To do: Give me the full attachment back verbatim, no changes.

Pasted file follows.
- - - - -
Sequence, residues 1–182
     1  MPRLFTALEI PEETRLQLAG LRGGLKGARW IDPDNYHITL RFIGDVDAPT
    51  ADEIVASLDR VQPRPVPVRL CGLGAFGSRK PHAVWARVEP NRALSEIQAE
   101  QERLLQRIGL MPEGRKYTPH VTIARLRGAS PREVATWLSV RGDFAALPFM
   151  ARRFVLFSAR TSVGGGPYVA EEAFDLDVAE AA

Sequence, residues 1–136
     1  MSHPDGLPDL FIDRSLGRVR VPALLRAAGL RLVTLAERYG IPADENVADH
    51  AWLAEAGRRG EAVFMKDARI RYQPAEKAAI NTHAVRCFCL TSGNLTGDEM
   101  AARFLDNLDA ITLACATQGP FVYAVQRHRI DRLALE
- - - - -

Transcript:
Sequence, residues 1–182
     1  MPRLFTALEI PEETRLQLAG LRGGLKGARW IDPDNYHITL RFIGDVDAPT
    51  ADEIVASLDR VQPRPVPVRL CGLGAFGSRK PHAVWARVEP NRALSEIQAE
   101  QERLLQRIGL MPEGRKYTPH VTIARLRGAS PREVATWLSV RGDFAALPFM
   151  ARRFVLFSAR TSVGGGPYVA EEAFDLDVAE AA

Sequence, residues 1–136
     1  MSHPDGLPDL FIDRSLGRVR VPALLRAAGL RLVTLAERYG IPADENVADH
    51  AWLAEAGRRG EAVFMKDARI RYQPAEKAAI NTHAVRCFCL TSGNLTGDEM
   101  AARFLDNLDA ITLACATQGP FVYAVQRHRI DRLALE